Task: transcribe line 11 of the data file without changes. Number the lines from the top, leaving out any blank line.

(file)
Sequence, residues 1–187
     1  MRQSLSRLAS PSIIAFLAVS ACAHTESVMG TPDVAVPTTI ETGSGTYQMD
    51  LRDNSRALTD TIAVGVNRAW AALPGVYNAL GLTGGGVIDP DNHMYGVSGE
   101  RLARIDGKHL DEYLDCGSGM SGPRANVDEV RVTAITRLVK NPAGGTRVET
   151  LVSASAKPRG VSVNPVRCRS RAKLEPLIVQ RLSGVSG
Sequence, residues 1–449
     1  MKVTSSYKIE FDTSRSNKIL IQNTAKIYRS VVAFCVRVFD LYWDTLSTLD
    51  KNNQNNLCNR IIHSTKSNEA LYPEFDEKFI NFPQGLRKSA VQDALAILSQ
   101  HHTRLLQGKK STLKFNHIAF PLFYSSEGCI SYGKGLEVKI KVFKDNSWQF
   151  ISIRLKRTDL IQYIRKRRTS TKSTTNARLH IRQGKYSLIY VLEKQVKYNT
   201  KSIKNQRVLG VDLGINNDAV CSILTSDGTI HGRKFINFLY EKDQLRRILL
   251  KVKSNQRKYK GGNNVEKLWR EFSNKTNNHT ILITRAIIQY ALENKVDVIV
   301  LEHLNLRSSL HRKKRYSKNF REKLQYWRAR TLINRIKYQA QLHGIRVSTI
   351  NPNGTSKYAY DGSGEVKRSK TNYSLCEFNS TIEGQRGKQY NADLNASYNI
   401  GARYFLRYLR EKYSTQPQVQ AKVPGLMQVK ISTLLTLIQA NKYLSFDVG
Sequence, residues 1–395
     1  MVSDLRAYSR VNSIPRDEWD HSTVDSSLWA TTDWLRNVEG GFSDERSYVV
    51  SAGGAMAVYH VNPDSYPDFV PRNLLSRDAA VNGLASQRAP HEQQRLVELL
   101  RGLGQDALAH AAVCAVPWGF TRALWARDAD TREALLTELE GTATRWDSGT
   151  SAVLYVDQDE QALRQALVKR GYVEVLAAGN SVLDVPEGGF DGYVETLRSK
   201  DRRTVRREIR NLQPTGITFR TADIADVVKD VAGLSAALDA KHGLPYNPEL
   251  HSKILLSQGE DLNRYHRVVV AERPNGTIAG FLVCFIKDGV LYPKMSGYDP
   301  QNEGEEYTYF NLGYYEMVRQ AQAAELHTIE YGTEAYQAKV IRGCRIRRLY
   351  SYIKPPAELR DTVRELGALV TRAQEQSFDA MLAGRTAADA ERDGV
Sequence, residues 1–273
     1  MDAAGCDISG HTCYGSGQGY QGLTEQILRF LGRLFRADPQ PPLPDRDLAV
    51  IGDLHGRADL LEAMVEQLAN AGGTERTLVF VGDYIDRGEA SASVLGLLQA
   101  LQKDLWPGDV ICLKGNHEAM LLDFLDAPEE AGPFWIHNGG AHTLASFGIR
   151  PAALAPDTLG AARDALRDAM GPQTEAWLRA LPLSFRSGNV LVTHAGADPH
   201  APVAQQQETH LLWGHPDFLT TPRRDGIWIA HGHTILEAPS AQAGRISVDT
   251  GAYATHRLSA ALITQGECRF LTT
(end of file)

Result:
   201  KSIKNQRVLG VDLGINNDAV CSILTSDGTI HGRKFINFLY EKDQLRRILL